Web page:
Doctor Sleep by Stephen King
The long-awaited sequel to the critically acclaimed The Shining sees Danny at ordnance grow into a middle-aged man who works in a care home. Daniel Torrance has faced his demons figuratively and literally as a responsible member of society in a small town. During the course of his work in the care home he provides comfort to those who are dying and for this reason is nicknamed Docto
Sleep, as he encourages those who are near death to go to sleep.
However, Daniel's life is complicated by Abra Stone, a young girl who also has the shining but more powerfully so. Abra contacts Daniel as a baby and infant and again as a 10-year-old when she comes across a group of travellers called The True Knot, who are responsible for the disappearance and deaths of many children. This sinister group targets Abra and Daniel is called in to protect her.
I found the book chilling in places but not really terrifying in the way I found The Shining. Read as a continuation rather than a book to rival the horrors we encountered in the first book of this series, Doctor Sleep is more about developing and introducing old and new characters respectively. My curiosity about the Torrance family and Dick Halloran was satisfied and I became mesmerised by the magical Abra. The True Knot are heinously despicable as villains led by the ruthless yet beautiful Rose, who is a worthy adversary to our two protagonists.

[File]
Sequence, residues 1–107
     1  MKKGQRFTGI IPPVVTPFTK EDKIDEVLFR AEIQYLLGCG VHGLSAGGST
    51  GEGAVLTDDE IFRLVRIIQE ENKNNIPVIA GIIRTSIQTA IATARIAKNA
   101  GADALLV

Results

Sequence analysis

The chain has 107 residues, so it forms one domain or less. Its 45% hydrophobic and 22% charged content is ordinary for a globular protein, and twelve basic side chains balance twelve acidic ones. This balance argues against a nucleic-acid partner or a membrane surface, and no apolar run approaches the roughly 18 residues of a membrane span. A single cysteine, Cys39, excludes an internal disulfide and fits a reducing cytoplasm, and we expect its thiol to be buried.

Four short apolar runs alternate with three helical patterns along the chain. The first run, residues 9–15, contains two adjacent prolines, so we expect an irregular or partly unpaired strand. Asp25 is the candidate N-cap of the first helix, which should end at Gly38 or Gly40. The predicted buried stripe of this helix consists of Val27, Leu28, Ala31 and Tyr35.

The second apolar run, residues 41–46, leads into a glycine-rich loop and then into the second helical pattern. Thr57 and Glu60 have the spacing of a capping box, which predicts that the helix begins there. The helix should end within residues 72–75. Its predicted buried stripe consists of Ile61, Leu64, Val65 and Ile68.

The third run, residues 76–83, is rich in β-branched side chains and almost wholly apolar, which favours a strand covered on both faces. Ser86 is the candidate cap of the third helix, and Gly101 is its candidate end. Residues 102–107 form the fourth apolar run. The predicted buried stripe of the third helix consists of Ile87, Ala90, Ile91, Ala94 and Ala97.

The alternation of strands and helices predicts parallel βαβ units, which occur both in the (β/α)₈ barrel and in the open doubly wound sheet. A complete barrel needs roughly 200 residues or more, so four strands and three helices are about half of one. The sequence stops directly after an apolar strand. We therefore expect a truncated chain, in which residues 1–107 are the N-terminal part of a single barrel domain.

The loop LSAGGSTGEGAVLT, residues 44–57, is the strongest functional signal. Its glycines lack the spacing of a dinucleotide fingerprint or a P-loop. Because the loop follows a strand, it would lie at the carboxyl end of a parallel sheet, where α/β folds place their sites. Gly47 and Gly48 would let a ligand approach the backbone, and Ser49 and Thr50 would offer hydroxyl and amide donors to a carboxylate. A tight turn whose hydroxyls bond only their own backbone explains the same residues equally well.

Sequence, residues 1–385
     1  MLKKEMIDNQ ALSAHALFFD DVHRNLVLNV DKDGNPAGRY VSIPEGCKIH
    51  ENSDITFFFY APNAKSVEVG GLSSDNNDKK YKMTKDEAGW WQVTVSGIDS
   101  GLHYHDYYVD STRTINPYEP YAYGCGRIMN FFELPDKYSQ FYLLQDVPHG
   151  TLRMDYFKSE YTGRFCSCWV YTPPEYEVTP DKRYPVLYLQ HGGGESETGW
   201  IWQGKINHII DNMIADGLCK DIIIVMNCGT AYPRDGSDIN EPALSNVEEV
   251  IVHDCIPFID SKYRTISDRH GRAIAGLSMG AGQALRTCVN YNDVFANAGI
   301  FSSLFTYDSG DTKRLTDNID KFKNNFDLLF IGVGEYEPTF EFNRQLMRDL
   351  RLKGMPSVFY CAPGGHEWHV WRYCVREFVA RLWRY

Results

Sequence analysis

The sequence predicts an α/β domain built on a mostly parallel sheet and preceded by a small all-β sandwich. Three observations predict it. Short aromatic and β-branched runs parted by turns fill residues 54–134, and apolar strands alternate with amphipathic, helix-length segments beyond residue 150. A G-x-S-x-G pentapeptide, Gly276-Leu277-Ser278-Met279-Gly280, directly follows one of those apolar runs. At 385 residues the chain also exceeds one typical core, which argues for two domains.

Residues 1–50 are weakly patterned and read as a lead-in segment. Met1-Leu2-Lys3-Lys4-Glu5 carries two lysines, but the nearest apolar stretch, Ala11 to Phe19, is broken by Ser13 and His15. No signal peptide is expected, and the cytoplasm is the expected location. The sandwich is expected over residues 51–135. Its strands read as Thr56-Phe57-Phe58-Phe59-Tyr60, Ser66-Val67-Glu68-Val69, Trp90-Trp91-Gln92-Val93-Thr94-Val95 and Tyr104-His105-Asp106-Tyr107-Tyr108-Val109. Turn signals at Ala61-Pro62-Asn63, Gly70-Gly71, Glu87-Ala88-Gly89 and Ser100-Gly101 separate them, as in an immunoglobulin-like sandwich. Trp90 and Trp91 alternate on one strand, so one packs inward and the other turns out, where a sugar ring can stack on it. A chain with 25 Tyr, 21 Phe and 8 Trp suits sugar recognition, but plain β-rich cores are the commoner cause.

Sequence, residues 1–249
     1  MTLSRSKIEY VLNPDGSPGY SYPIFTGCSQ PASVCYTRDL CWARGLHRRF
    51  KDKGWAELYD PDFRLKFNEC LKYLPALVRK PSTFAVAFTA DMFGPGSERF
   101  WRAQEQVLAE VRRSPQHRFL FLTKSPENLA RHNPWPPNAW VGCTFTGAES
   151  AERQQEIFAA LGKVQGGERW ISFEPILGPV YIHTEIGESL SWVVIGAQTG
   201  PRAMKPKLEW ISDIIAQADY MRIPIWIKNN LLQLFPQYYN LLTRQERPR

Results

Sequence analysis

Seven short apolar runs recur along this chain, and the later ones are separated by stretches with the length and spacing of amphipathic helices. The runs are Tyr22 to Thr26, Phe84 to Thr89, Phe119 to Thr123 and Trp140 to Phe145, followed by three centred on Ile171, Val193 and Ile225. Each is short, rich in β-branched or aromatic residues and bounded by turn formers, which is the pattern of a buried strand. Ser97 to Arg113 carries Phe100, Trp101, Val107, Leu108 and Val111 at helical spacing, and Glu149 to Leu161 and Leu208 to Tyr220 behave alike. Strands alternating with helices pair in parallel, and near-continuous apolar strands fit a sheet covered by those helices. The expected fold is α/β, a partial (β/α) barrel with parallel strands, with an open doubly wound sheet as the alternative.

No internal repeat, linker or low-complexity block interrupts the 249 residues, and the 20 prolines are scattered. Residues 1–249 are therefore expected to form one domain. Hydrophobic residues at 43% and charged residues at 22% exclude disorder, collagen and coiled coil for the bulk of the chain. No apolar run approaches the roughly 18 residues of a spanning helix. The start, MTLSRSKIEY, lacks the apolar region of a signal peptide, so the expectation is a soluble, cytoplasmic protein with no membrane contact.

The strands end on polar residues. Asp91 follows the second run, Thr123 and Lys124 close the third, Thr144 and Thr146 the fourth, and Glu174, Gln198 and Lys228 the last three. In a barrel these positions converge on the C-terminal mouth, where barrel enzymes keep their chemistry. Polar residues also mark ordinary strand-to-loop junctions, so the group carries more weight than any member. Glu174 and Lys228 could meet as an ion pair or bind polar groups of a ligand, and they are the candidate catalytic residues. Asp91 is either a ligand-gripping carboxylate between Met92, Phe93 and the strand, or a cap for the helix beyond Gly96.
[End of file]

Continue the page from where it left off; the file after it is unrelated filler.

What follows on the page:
Doctor Sleep challenges our perception of people, as 10-year-old Abra befriends a middle-aged man to help her; in the current state of our society this is very taboo and suspect, even though Daniel would never dream of harming a child. Yet The True Knot are a group of friendly travellers you may see and not even think about as a source of danger to anyone. King tries to show us the hazards of judging a book by its cover in Doctor Sleep and he couldn't have made those grandmas and grandpas in RVs more sinister, but they don't have the scare factor of the ghosts we have met in The Shining. This could be because the villains in this book have to hide in plain sight and aren't found in shadowy, unoccupied hotel rooms where malevolence is more easily imagined. I did feel at times that the villains were too easily outgunned, but this didn't detract from the story or characters on the whole.
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I am a Bengal cat enthusiast in the UK, who retired from a career in General Practice on health grounds some years ago. I suffer from pulmonary hypertension and OCD, which I am very open about and I have a voracious appetite for books, particularly good thrillers of any description. I blog my reviews regularly on my blog: , but my reviews also appear on other excellent book review blogs occasionally.